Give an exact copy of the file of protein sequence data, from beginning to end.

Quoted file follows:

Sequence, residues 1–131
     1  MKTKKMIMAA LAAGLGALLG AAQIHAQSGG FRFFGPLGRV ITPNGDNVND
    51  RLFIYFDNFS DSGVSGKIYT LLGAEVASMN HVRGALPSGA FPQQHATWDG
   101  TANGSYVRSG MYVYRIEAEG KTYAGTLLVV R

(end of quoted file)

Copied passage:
Sequence, residues 1–131
     1  MKTKKMIMAA LAAGLGALLG AAQIHAQSGG FRFFGPLGRV ITPNGDNVND
    51  RLFIYFDNFS DSGVSGKIYT LLGAEVASMN HVRGALPSGA FPQQHATWDG
   101  TANGSYVRSG MYVYRIEAEG KTYAGTLLVV R